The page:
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Oxfam plea to buy from labour-act followers

Tea producers have been complaining that big buyers don’t pay enough
Oxfam said solutions lie in a fairer sharing of the end-consumer price of tea, stronger gender policies and a review of plantation labour laws to ensure that women and men in Assam can lead dignified lives.
Oxfam said solutions lie in a fairer sharing of the end-consumer price of tea, stronger gender policies and a review of plantation labour laws to ensure that women and men in Assam can lead dignified lives.
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Our Special Correspondent   |   Guwahati   |   Published 11.10.19, 07:35 PM

Oxfam, a confederation of 20 organisations focusing on alleviation of global poverty, has asked tea brands to buy only from Assam producers who implement the Plantations Labour Act.

In its report on Addressing the Human Cost of Assam Tea — An Agenda for Change to Respect, Protect and Fulfil Human Rights on Assam Tea Plantations, which was released on Thursday, Oxfam said solutions lie in a fairer sharing of the end-consumer price of tea, stronger gender policies and a review of plantation labour laws to ensure that women and men in Assam can lead dignified lives.

It said new estimates, commissioned by Oxfam and undertaken by the Bureau for the Appraisal of Social Impacts for Citizen Information, show that supermarkets and tea brands in India retain more than half (58.2 per cent) of the final consumer price of black processed tea, with just 7.2 per cent for workers. It asked tea brands to favour suppliers who implement the act and incentivise and enable others to do so. Tea producers have been complaining that big buyers don’t pay enough.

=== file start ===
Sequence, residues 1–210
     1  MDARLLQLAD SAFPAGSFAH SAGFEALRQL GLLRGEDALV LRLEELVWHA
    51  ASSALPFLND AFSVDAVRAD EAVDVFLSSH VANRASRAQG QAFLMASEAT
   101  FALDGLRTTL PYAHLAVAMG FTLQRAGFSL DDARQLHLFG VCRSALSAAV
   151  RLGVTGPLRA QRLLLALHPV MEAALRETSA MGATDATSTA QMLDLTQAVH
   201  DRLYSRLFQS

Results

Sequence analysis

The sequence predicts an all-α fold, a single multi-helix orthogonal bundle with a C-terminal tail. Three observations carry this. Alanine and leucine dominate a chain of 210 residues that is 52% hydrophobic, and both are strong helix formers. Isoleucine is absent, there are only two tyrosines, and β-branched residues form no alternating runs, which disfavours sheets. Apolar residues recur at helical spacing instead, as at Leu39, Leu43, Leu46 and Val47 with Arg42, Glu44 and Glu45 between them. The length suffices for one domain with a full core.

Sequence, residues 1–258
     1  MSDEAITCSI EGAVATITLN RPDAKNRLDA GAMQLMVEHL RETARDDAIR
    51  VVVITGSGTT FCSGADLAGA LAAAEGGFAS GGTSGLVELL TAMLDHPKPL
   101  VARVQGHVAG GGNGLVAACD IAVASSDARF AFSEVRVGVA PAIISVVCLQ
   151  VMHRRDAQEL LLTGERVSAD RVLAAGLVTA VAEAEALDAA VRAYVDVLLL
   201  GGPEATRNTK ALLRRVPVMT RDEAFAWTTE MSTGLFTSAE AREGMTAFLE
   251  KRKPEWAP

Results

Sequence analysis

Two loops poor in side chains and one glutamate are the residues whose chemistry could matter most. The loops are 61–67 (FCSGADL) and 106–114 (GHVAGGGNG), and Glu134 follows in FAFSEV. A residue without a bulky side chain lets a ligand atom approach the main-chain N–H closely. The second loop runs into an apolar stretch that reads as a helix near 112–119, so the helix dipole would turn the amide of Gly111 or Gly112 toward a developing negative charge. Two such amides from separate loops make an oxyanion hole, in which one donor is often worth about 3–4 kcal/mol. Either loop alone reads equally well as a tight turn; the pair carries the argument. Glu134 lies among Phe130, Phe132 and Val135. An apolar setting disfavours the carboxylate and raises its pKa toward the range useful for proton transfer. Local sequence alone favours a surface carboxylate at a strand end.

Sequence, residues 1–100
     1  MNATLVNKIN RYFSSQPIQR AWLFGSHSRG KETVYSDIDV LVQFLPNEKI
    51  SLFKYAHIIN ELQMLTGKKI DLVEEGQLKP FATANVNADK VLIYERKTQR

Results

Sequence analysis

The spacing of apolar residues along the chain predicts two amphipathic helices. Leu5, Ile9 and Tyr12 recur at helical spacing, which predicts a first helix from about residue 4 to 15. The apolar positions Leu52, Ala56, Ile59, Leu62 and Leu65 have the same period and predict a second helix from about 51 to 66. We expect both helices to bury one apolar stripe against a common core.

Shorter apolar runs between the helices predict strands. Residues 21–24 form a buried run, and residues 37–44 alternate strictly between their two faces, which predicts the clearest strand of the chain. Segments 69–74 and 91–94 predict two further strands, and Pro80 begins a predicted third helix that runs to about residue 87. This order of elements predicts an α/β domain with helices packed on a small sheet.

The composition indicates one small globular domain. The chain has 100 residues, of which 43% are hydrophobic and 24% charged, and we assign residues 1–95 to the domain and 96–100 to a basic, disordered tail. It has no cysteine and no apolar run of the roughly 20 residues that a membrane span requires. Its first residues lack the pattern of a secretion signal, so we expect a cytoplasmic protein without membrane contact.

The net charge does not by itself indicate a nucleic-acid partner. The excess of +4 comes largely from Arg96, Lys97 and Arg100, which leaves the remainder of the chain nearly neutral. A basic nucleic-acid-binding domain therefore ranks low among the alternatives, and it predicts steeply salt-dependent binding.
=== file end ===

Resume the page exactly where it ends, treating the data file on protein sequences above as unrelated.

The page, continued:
The organisation said tea brands/supermarkets should work with suppliers, government and civil society to improve producers’ ability to provide decent housing, healthcare, water, sanitation and education through improved trading practices and external support. “This can be supported through paying higher prices for fresh tea leaves and excluding the costs of labour from price negotiations. It should ensure that tea is priced sustainably,” it said.

“It is difficult to trace most exported Assam tea to its origins. Many supermarkets fail to disclose the country or region of origin of their private label black tea. In India, supermarkets and tea brands also remain opaque about their supply chain relationships,” it said. It asked supermarkets and tea brands to publish the country and region of origin, supply chain information and distribution of end-consumer price on tea packaging.



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